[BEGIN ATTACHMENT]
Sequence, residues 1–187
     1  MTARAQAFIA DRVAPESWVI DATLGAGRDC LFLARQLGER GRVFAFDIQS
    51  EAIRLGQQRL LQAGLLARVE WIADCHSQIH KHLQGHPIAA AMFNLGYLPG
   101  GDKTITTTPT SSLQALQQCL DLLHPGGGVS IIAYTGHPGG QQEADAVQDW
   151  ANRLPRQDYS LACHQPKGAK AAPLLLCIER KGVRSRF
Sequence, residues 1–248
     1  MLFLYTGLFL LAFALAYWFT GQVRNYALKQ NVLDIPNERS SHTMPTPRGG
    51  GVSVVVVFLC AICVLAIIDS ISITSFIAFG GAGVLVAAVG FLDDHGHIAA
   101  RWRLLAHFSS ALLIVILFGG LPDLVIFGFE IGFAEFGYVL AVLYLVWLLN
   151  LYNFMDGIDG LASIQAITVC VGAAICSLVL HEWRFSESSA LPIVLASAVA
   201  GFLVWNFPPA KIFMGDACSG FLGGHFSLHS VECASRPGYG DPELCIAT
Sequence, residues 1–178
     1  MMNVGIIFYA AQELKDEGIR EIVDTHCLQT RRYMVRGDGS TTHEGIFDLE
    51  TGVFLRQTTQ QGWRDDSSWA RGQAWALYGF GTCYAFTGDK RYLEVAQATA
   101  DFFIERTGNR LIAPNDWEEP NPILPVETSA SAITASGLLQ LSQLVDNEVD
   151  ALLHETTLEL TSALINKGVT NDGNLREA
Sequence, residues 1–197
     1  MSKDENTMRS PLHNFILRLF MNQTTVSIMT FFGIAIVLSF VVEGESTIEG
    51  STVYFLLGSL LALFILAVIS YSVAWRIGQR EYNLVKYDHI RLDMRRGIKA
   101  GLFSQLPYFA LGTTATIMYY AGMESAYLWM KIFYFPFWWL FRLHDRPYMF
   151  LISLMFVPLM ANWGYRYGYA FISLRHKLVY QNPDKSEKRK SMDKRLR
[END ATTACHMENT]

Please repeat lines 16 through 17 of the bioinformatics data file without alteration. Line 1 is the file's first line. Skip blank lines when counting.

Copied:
   151  ALLHETTLEL TSALINKGVT NDGNLREA
Sequence, residues 1–197